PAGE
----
So overall it's a 3. Average. For the Counterparts — at least based on the standard that I hold them to — it's actually below average. But even the Counterparts on a bad day create a sound that any number of groups I've been forced to listen to would envy. Still, I think I'll pop in one of my cassettes from the 90s to remind myself of what they used to be.


Tuning / Blend 3
Energy / Intensity 3
Innovation / Creativity 4
Soloists 3
Sound / Production 2
Repeat Listenability 3
Tracks
1 Apologize 3
2 In The Waiting Line 4
3 Could You Be Loved 3
4 So Small 3
5 Let Me Go 3
6 Ain't Nobody 2
7 Whatever Lola Wants 4
8 The Wanderer 4
9 A Woman's Worth 2
10 Where You Are 2
11 Trouble Sleeping 3
12 Come Together 3

I have long maintained that, to the degree there is a mainstream market for collegiate a cappella, there is a market for the Counterparts. With competence, originality and swagger, they have ably answered the question that plagues this musical niche... "So what?"

So what happened?

For starters, One Republic happened, and with it the compulsory cover of its screechy non-classic Apologize. The Counterparts have at this version with their signature bluesy approach, and the soloist knows what he's doing (unlike the original artist). But you don't stay relevant by doing the most predictable thing, and there's only so much you can do with block chords besides.

Actually, I take that back. The Counterparts do some pretty nice things with block chords. They quickly recover with In The Waiting Line, and I was reminded of what makes this group groove: tight chords that revel in the contours of the original without regurgitating them, a soloist (Katie Foster) who has a lot in the tank, but knows when to use it ...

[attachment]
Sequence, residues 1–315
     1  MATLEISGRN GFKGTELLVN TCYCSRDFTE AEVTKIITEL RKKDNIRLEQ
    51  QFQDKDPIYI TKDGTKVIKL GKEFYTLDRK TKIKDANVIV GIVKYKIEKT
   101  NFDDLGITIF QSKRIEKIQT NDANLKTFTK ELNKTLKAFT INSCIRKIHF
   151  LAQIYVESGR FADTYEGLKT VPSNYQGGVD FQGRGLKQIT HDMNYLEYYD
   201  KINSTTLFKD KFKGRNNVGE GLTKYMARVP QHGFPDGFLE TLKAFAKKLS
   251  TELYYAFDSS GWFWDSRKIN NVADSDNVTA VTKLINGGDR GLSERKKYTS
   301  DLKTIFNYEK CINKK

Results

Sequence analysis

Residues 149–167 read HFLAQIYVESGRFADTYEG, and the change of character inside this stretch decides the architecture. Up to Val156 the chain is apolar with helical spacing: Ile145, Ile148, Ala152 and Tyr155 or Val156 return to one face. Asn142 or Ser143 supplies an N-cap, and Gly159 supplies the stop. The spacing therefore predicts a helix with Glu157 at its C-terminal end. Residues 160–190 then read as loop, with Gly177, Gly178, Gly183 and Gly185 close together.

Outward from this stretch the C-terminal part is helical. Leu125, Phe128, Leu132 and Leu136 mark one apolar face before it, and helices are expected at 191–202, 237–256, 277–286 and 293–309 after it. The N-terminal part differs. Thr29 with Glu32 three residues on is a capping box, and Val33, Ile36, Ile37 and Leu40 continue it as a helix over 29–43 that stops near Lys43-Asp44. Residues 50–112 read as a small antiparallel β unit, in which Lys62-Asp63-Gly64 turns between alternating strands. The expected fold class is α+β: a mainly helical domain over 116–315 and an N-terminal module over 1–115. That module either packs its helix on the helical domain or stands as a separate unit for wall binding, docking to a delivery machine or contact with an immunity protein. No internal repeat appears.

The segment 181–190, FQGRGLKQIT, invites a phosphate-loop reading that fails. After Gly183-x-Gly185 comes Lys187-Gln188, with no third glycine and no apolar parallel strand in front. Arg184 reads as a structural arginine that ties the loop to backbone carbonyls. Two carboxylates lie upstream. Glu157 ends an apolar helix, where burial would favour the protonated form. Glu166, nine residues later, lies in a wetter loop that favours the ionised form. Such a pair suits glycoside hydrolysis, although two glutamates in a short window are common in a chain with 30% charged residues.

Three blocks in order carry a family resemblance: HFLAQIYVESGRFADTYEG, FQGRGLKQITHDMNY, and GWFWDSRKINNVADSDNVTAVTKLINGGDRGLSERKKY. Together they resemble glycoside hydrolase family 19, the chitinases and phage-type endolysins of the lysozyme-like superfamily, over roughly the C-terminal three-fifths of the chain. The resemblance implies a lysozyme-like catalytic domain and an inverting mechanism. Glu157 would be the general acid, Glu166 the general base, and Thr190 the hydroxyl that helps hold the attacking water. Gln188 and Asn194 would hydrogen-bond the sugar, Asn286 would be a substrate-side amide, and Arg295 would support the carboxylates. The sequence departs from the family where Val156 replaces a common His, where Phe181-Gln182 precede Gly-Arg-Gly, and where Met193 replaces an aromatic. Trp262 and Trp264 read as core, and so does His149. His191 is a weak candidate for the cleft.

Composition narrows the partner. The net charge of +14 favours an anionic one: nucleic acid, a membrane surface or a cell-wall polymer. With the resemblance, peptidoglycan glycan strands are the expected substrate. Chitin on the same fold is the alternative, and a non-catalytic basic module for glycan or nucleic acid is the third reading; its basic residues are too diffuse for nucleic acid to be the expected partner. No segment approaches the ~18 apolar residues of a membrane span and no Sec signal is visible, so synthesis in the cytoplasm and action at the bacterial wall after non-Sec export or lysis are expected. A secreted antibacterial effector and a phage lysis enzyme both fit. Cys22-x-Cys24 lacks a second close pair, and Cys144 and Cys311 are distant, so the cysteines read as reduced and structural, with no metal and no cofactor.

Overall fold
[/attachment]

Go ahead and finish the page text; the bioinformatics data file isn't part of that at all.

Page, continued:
And yeah, there's that swagger. It comes and goes. New Wave reveals a group that seems to have forgotten why it grooves.

Consider the Chaka Khan track. Ain't Nobody is totally in their wheelhouse. Jose Louro's arrangement sets the group up for a grand slam. Then, just when the song is supposed to explode, we get altos nervously backing away from the chord, and a soloist who can't sell the chorus. Oh, and the baritones are flat and uninterested.

I'm not sure the production approach does the group any favors. Contemporary effects are dribbled on top of an organic sound. Time would have been better spent brightening up the group sound. At times it sounds like I'm listening to a raw studio track.

Also, if you cover a deeper cut from a famous artist (and you should), it makes little sense to cover that artist's pop hit two tracks later. This is especially true when that cover, Trouble Sleeping by Marc Broussard, offers so little to recommend it.

There are still some remnants of cooler days on this album. Whatever Lola Wants is a bold and convincing cover, and shows off the group's jazz chops. The minimalist percussion complements the group's sound nicely, especially on The Wanderer (the other Broussard track), which is a hit all around.

It has been several years since the Counterparts have released an album, an uncharacteristic gap which may signify a reinvention. Here's hoping the group doesn't reinvent its way out of relevance.